In conversation with some church leaders this week I was fascinated to hear Roman Catholic Bishop George Stack say that the Tridentine rite of the Mass - that is a rite celebrated in Latin - has been reintroduced at Westminster Cathedral. The present Pope is encouraging this, not as an extraordinary rite, but simply as an extra rite alongside the modern forms, and younger priests are being trained to say it.
Turning to the editorial in the Baptist Times, Mark Woods picks up on this. He comments that by all accounts it went down a treat, and is likely to be particularly popular with young people who are keen to experience it. Fascinating, or maybe it's not when you think of the popularity of Taizé with thousands upon thousands of young people.
The vast majority of Taizé songs are sung in Latin. Why? I recall Paul Inwood, a highly creative musician and liturgist in the Roman Catholic church, give the reason that in Latin, everyone is equally not at home. Good answer!
But to take this further, Robert Warren in his book, Being Human, Being Church, recounts a conversation in which a Catholic priest was asked why he used incense in worship, to which he replied, 'Because you can't buy it in Marks & Spencer.'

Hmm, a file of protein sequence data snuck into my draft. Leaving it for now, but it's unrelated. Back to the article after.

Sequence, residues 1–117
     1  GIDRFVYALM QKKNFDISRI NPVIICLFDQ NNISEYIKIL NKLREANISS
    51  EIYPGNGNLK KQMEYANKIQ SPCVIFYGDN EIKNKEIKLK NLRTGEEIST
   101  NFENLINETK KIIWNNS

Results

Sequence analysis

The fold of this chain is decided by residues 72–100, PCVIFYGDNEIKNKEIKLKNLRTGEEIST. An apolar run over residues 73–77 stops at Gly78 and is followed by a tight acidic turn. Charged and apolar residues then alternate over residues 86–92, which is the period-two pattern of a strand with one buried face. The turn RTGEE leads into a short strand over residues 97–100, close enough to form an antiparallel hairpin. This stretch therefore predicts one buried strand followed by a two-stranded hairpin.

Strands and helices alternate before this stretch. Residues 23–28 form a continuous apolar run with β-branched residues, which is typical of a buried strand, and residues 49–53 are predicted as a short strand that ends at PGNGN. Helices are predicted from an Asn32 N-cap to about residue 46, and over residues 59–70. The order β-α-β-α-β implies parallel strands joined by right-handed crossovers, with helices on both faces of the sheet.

And Mark Woods, reflecting on this renewal in Catholic worship, comments, 'might it not be a genuine instinct for the mystery which is at the heart of faith, and which in our evangelical Protestant desire for clarity we so easily deny.' He goes on to say, 'We are very anxious to make people feel welcome in church, and so we should be. We are keen to make our translations meaningful, our hymns accessible, and our sermons "relevant" (a slippery word). The trouble is that accessibility can easily overbalance into banality ... Perhaps, for modern evangelicals banality is our besetting sin.'
While I can't see myself leading worship in Latin, nor encouraging it among our Baptist churches, I think that what he says is worth pondering.